News This Seton Residency Program Dates Back More Than 28 Years

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AUSTIN, Texas - (March 13, 2012) - Many of us are familiar with residency training for physicians, but pharmacy residencies have actually been around since the early 1930s, with the American Society of Health System Pharmacists (ASHP) developing and implementing the first set of accreditation standards in the early 1960s.

At Seton, the pharmacy resident programs date back more than 28 years-and two of the programs are among the first established in the U.S. in their specialty areas.

Pharmacy residencies initially focused on preparing pharmacists for careers in hospital pharmacy management, but the focus shifted in the 1970s to direct patient care. Since 2005, ASHP residency accreditation standards have included both postgraduate year one (PGY1) and postgraduate year two (PGY2) residencies.


The PGY1 programs provide training for clinical pharmacy "generalists"; the PGY2 residencies provide focused training in a specialized area. Today, ASHP recognizes 19 PGY2 specialty areas, including Critical Care, Internal Medicine, Infectious Diseases, Oncology, Pediatrics, Psychiatry and Transplant.

Seton Healthcare Family sponsors two pharmacy residency programs, a PGY1 program and a PGY2 Internal Medicine program, both based at University Medical Center Brackenridge. Additionally, in conjunction with the University of Texas at Austin College of Pharmacy, a PGY2 Psychiatric pharmacy program is based at Seton Shoal Creek Hospital.

The PGY1 internal medicine and the PGY2 Psychiatric pharmacy programs are directed by Dr. Tawny Smith, clinical pharmacy specialist in psychiatry. The PGY2 Internal Medicine program is directed by Dr. Stephanie Garrett, clinical pharmacy specialist in internal medicine.

The psychiatry and internal medicine programs have trained more than 90 specialists since their inception nearly three decades ago. The PGY1 program was established in 2003 and accredited by ASHP in 2004. It has produced seven graduating classes, and the graduates have gone on to pursue PGY2 residency training and careers in hospital pharmacy. PGY2 residents have gone on to pursue clinical pharmacy positions and faculty positions across the country.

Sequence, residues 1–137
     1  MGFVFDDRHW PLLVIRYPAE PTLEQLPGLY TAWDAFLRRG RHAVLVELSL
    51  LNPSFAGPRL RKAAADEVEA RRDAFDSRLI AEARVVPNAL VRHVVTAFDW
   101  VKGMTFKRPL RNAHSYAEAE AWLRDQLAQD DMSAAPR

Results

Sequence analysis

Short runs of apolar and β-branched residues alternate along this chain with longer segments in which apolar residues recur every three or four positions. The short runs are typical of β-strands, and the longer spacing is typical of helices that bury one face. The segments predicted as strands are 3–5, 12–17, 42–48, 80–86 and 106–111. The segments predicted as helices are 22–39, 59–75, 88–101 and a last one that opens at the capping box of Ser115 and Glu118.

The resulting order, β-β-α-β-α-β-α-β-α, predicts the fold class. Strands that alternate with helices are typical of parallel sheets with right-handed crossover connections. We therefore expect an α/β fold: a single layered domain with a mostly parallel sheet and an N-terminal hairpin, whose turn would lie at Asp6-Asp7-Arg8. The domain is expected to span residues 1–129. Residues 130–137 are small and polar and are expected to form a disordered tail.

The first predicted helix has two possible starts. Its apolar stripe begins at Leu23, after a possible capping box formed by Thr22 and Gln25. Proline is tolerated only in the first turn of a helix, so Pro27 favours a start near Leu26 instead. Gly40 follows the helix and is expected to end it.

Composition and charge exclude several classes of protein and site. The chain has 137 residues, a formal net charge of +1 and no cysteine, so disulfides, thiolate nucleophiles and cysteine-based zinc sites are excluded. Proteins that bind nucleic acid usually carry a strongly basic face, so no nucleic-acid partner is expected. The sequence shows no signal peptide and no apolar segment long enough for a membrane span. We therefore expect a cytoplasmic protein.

Currently, there are two PGY1, one PGY2 Internal Medicine and one PGY2 Psychiatric pharmacy residents, all in 12-month programs.

"The residency is designed to develop the skills required to solve the complex, medication-related problems presented in health care today. Rotations enhance the expertise of the resident in the management of drug therapy, drug information services, management of pharmacy services, and drug policy," said Dr. Jodi Klocek, Clinical Pharmacy Services director.

Residents conduct research, work on quality improvement initiatives, make regular contributions to the pharmacy and therapeutics committee and work collaboratively with health care providers to provide direct patient care.

They also facilitate small group case discussions at The University of Texas College of Pharmacy and provide lectures and in-services to pharmacy, nursing and medical students and residents. Residents complete rotations in a variety of practice areas, including critical care, infectious diseases, internal medicine and oncology, with PGY2 residents focusing more exclusively on a specialty area.

ASHP is the only accrediting body for pharmacy residencies, but not all programs elect to be accredited.

"Obtaining ASHP accreditation is important because it requires that programs continually improve their training and services in order to meet ever-evolving standards. It also provides assurance to prospective residency candidates that they will be exposed to quality experiences to help them advance their career goals," Smith said. Both the PGY1 and PGY2 Internal Medicine programs went through accreditation successfully in 2010.

Now that Doctorate in Pharmacy is the entry-level degree, many pharmacy school graduates elect to do residencies to distinguish themselves amongst their peers. Most pharmacists in clinical faculty positions, management or clinical roles have completed residencies. Currently, more than 1,500 pharmacists complete a residency each year in the U.S. - and this number continues to increase. There are approximately 800 residency programs nationwide.

While pharmacy residency training is not currently required to practice pharmacy, the American College of Clinical Pharmacy and ASHP have each concluded that PGY1 pharmacy residency training should be a standard expectation for all pharmacists who will serve in direct patient care roles by the year 2020. Seton's Department of Pharmacy shares this vision and is working to establish and implement a new career ladder within the department that incorporates many of the accreditation training standards.

Pictured atop this story are three 2011-12 Seton pharmacy residents (left to right): Derek Templet, Pharm.D., PGY1 Resident (graduate of the University of Texas at Austin College of Pharmacy); Anne Elise Rider, Pharm.D., PGY1 Resident (graduate of the University of Montana); and Megan Anderson, Pharm.D., PGY2 Internal Medicine Resident (graduate of Lake Erie College of Osteopathic Medicine and PGY1 residency training at Saint Vincent Health Center in Erie, Pennsylvania). Not pictured: Morgan Snyder, Pharm.D., PGY2 Psychiatry Resident (graduate of the University of Kentucky and PGY1 residency training at Seton).

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